There’s something odd about the way Capture One crops certain RAW files. Now and again, when you select the crop tool, you’ll see that Capture One has chosen a default crop that’s actually smaller than the full image area. • … Continue reading Can Capture One see more than your camera?
I had a horrible thought today. Like everyone else, I’ve been saying non-destructive editing is fantastic. It’s smart, it’s efficient, and it changes the way we work. It’s the most important innovation in digital imaging this century… But wait a … Continue reading The ticking time-bomb of non-destructive editing
We’ve all been there. You’ve got a shot that’s fundamentally sound but lacks rich, strong colours or any kind of atmosphere. They can be tricky to fix and you can spend hours experimenting with settings that don’t seem to get … Continue reading Do your pictures need a boost? Try this wild three-step fix in Capture One!
You can’t keep every picture you shoot – but how do you know you’re keeping the right ones? We all shoot more than we keep, and the obvious thing to do is make a first pass of your images and … Continue reading Are you missing your best shots? Capture One’s Auto Adjust tool could tell you with a single click
Capture One lets you save adjustments for re-use in the future, but it can be confusing because it offers user ‘presets’ and user ‘styles’ without being terribly clear about the difference. In other programs, ‘presets’ usually refer to sets of … Continue reading Capture One presets vs styles: what’s the difference?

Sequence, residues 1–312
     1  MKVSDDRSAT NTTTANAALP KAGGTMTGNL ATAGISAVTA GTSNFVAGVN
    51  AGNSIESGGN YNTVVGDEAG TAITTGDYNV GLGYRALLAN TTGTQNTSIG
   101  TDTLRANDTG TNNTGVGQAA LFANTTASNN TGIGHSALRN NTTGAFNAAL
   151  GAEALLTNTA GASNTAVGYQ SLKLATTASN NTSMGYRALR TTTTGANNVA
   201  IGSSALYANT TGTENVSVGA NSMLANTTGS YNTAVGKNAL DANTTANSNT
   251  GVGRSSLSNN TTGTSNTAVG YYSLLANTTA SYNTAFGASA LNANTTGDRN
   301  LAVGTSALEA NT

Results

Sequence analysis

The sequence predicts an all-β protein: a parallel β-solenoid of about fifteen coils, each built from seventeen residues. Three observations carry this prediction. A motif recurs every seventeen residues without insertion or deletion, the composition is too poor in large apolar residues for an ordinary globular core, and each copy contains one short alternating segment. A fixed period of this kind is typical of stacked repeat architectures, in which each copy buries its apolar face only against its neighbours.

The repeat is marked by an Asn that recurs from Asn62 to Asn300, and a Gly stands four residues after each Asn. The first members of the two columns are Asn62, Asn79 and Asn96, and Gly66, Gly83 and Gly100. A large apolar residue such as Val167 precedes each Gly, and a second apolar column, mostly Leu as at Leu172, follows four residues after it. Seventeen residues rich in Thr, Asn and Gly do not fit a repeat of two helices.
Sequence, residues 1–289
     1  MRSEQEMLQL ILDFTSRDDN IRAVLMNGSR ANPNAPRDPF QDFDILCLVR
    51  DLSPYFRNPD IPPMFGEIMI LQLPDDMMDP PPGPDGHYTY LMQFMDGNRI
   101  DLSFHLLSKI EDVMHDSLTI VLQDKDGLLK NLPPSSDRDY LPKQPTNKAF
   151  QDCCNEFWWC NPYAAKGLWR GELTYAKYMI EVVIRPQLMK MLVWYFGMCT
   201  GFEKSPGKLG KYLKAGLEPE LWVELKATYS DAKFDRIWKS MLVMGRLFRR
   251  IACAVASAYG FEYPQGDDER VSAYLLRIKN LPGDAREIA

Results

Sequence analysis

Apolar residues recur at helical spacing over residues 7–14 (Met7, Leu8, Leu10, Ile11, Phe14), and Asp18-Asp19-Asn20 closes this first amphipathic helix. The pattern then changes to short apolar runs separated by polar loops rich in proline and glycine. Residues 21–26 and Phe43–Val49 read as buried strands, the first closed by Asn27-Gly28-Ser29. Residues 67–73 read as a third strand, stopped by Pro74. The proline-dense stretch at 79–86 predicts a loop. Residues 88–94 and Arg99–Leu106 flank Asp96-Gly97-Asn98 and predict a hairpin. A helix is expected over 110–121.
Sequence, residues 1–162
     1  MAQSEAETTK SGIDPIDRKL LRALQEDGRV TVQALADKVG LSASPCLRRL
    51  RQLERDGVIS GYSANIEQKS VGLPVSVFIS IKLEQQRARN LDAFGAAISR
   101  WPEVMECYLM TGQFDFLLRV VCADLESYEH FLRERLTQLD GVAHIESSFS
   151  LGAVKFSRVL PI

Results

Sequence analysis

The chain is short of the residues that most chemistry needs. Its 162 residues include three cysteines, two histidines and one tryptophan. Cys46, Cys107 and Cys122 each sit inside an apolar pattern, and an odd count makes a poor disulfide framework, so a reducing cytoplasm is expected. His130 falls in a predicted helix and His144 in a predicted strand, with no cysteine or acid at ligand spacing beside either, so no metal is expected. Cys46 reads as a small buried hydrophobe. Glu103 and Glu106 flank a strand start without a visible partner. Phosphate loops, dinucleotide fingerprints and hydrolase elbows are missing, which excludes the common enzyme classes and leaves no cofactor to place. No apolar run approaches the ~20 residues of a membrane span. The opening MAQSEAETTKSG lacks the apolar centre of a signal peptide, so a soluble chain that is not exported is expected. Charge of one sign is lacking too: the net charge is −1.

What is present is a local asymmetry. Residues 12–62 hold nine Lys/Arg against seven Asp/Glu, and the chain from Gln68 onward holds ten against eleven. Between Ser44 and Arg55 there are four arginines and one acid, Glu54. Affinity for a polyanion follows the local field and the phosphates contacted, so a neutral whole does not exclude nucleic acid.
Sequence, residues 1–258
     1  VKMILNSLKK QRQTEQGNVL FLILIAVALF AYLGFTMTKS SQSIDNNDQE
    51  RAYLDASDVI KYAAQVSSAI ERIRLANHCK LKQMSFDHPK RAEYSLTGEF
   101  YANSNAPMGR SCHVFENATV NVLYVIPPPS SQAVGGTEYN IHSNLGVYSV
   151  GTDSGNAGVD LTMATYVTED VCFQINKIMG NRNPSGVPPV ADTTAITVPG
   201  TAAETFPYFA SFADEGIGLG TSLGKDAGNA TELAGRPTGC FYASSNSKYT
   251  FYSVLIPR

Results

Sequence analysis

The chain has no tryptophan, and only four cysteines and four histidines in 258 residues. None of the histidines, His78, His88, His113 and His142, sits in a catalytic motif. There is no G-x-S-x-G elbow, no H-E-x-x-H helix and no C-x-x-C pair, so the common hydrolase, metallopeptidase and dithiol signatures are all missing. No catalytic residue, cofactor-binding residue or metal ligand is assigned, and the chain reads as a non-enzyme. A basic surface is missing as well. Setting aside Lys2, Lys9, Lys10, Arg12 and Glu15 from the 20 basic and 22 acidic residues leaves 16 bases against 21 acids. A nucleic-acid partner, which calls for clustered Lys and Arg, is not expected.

Capture One Pro has some very good localised adjustment tools. You can create gradient filter effects and paint on manual adjustments, just as you can in Lightroom, but I think Capture One Pro’s system of adjustment layers and masks works … Continue reading How to use the Capture One adjustment tools
Keystone correction is usually used to fix converging verticals in architectural shots – that’s the most obvious use for the Capture One keystone correction tools – but this vertical keystone correction isn’t the only kind you’ll need. Keystone distortion happens … Continue reading Capture One keystone correction tips
Newcomers to Capture One may be confused by its talk of ‘Sessions’, which are an alternative way of browsing, selecting and editing pictures that’s still available, even though Capture One Pro now offers Aperture and Lightroom style image catalogs. ‘Sessions’ … Continue reading How do Capture One sessions work?
Export sharpening is a setting that’s often overlooked when you generate images for online or on-screen viewing, but it makes a big difference to how sharp your pictures look. Every time you resample an image, you introduce a degree of … Continue reading Export sharpening part 2: DxO Optics Pro 9 and Capture One Pro 7
Editor’s note: This was written back in 2013 and I know it needs an update. The broad conclusions still apply – that different RAW converters produce very different results – but I do need to re-test the latest versions to … Continue reading DxO vs Lightroom vs Capture One Pro – which is best?
The Capture One Color Editor is designed for subtle manipulation, not wholesale colour substitutions. It has much in common with the Replace Color tool in Photoshop and Elements, but restricts itself to modest hue shifts rather than complete colour changes. … Continue reading How to use the Capture One Color Editor to fine-tune your image’s colours
If you use a digital SLR, it’s hard to avoid dust spots on the sensor. But if you’re using Capture One, you can fix the dust on one image and then apply the same correction to a whole batch. You … Continue reading How to remove sensor spots automatically in Capture One